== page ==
Profile of the geriatric patients hospitilised at Universitas hospital, South Africa
Background: The elderly population in Africa is unevenly distributed across the continent, with the highest percentage of elderly living in the Southern African region. In 1996, the elderly population of South Africa (65 years and older) was roughly 6.7%, and was calculated to be 10.4% by 2025. If the latter expectation is anywhere near realistic, it stands to reason that the Department of Health should make timely provision for the care of these future patients, as the prevailing disease patterns within a population change as that population ages. Thus, there is an urgent need for profiles of elderly patients in order for adequate training to be implemented and for beds and equipment to be ready when needed. Methods: A retrospective study was undertaken of all data available from a clinical audit done at Universitas Hospital's Geriatric Unit. All patients aged 65 years and older who were admitted by Internal Medicine's Geriatric Unit over four years were analysed in order to compile a profile of geriatric patients hospitalised at Universitas Hospital. Results: The study group consisted of 791 elderly patients. Their average age was 81 years (range: 65 to 101 years of age) and they were hospitalised for an average of 11 days, with an average use of five medications per patient. Women represented 66% of the patients and the mortality rate was 17% in the total study group. The main admitting clinical problems were hypertension, heart failure, ischemic heart disease and anaemia. Most of the patients did not smoke or use alcohol. Out of a group of 523(due to the fact that it was a retrospective study, data for this criteria were only available for 523 of the 791 patients), 235 (45%) were self-supporting and 32% were known to use living aids. The majority of the patients were single and an equal amount were living in old age homes and with their families. The main special examinations used in their treatment were chest X-rays, nuclear examinations of the liver, ECG, heart sonar and CT of the brain, and gastroscopies. Almost all of the patients had undergone full blood count analysis and U+E determinations, and in more than 50% of cases, creatine, albumin and glucose measurements were taken. Conclusion: For successful geriatric care at Universitas Hospital there will be a need for at least 11 days hospitalisation, and a unit with good training in internal medicine, psychiatry, urology, orthopaedy and oncology. The main supporting services will be physiotherapy, occupational therapy and social welfare. Laboratory analyses will include full blood count, urea and electrolyte measurements, urine examination, and creatine and glucose measurements. Special investigations will mainly be radiology and cardiology sonar examination. How well we care for elderly patients in the future will be an indicator of the quality of our healthcare system in general. We need to redesign our social insurance and welfare systems to fit the realities of our current situation.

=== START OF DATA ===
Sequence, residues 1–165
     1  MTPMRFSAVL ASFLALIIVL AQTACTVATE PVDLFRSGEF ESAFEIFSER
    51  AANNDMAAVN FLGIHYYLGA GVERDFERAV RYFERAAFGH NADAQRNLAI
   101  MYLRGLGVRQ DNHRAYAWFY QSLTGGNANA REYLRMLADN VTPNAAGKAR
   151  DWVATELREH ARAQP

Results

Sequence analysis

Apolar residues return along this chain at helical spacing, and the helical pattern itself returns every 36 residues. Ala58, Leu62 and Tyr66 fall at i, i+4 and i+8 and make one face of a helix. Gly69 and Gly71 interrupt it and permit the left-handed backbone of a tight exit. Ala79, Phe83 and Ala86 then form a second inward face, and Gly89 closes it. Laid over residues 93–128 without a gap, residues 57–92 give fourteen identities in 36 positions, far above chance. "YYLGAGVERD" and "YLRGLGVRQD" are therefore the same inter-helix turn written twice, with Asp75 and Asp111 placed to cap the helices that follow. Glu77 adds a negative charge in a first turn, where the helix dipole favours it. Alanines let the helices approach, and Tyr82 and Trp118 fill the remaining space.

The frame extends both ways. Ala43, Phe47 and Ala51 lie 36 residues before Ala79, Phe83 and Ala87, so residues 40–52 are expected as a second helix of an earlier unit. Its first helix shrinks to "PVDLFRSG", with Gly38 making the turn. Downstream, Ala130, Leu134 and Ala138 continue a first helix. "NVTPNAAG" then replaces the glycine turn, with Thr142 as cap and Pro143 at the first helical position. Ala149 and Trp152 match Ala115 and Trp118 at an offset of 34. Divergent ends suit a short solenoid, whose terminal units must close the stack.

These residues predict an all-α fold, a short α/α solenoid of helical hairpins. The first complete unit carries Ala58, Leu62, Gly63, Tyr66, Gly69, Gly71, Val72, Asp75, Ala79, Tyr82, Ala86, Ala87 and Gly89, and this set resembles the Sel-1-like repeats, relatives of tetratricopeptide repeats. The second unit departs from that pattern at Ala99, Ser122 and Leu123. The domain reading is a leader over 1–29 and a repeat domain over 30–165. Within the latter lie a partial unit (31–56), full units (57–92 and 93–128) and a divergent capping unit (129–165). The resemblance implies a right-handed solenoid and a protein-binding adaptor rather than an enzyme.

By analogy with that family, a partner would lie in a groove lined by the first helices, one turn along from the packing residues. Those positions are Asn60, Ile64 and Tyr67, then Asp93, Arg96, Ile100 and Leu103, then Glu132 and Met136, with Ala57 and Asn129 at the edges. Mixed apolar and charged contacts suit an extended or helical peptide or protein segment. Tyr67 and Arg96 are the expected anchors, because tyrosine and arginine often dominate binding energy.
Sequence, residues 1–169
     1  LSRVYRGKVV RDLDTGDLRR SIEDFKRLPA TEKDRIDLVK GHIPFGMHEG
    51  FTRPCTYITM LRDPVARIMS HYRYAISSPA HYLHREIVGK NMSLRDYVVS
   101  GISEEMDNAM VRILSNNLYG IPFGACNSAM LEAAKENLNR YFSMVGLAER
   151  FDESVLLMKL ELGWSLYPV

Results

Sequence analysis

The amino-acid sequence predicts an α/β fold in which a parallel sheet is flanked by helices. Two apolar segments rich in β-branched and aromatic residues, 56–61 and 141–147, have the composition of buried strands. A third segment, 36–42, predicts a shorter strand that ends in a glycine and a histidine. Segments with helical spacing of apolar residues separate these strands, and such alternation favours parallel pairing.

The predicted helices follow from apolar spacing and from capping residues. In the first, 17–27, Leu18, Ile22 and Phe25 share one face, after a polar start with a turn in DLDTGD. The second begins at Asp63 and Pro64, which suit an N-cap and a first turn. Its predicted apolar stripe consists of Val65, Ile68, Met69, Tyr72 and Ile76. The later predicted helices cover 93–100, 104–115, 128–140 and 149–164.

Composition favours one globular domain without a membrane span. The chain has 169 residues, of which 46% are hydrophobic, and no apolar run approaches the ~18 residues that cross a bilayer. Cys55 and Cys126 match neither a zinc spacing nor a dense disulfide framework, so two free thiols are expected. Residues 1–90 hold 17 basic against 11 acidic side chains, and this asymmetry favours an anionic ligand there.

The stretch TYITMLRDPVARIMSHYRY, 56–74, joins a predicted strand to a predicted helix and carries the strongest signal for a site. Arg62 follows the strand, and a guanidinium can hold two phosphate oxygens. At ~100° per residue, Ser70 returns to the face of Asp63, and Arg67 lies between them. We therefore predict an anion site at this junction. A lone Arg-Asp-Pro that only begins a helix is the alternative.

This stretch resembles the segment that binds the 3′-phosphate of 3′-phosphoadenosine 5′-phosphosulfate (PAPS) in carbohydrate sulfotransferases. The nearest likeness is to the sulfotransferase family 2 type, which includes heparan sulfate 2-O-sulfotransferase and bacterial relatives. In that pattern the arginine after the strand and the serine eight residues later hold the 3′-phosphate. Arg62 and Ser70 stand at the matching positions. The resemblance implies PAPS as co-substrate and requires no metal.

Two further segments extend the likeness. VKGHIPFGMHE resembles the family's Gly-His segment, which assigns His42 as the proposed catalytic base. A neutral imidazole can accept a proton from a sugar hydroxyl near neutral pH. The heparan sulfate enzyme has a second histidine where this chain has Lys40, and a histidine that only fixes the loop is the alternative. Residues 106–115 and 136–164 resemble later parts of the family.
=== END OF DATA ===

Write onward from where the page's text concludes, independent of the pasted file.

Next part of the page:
South African Family Practice Vol. 49 (2) 2007: pp. 14